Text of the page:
My grandmother’s sewing items have definitely shaped my actions and identity; once I had arranged her sewing things into little drawers for display in the guest bedroom, I launched a decade-long (or more!) hunt for other antique sewing items to complement my grandmother’s.  Along the way, I gradually acquired other furnishings to display my growing collections — an antique cabinet, originally for spools of thread; a wooden shelf for button cards and a toy sewing machine and thread holders; an inlaid wooden box for needle holders; a drawer from a treadle sewing machine for my collection of tape measures.  By this time you are probably rolling your eyes, as did the other person in my household!  But so it goes.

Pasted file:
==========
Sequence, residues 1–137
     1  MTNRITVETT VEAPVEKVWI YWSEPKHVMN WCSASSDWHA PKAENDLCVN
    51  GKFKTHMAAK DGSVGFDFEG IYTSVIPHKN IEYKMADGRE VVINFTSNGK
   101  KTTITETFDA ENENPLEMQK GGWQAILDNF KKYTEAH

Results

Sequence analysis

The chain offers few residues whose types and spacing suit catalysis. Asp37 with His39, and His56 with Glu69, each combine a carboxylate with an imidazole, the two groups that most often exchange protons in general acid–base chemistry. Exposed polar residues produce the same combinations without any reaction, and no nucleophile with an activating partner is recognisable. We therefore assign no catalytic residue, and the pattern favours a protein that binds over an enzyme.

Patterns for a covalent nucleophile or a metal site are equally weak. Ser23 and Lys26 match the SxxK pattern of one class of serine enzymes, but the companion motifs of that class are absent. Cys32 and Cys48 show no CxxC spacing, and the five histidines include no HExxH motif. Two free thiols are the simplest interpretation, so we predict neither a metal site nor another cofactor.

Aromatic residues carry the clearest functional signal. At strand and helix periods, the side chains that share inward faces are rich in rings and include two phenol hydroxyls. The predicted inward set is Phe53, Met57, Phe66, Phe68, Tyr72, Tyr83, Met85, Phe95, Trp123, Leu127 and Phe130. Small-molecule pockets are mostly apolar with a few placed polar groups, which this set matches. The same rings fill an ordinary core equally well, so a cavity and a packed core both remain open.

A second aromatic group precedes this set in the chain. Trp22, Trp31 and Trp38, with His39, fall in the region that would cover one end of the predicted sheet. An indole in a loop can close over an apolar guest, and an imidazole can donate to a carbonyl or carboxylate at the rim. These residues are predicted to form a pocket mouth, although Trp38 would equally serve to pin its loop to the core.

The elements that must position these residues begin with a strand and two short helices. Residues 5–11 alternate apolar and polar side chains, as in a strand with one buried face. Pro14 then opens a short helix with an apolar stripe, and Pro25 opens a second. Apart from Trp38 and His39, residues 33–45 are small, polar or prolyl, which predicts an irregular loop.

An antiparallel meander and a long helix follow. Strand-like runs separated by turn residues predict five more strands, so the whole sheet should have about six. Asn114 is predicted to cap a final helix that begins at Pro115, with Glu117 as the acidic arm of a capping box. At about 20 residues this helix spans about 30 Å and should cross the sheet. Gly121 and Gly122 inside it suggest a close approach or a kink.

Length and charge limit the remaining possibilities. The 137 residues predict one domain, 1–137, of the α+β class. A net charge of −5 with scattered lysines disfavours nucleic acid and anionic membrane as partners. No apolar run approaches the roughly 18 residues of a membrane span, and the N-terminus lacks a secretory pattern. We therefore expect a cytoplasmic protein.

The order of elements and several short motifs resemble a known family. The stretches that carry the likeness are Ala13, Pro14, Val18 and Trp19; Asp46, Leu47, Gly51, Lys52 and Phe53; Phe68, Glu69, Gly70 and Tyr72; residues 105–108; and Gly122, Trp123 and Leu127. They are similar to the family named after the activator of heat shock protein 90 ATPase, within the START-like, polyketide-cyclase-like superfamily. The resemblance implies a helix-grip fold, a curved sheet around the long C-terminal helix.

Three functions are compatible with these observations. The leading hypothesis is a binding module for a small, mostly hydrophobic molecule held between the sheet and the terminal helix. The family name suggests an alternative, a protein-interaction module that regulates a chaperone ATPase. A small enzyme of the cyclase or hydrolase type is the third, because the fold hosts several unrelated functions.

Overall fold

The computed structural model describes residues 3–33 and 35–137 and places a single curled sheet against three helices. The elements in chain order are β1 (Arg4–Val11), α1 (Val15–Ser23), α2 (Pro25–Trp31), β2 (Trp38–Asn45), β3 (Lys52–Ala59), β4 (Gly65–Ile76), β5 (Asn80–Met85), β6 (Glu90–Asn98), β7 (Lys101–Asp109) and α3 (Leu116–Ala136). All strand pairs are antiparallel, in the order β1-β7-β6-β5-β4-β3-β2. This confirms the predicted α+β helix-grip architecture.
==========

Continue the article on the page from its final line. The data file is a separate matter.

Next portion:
Taking us beyond the home setting, Sandelowski relates the meanings of objects to her nursing profession, referring to these profession-related objects as the “material culture of nursing” —  ventilators and monitors,  imaging films, printouts, patient records — all “things” that are part of clinical nursing practice.  I’m a bit daunted when I contemplate the material culture of occupational therapy.  Given the huge diversity of our profession — in terms of client populations, places of employment, theoretical approaches, modalities of therapy, occupational therapists’ backgrounds, and on and on — it seems to me that the material culture of our profession is richly complex indeed.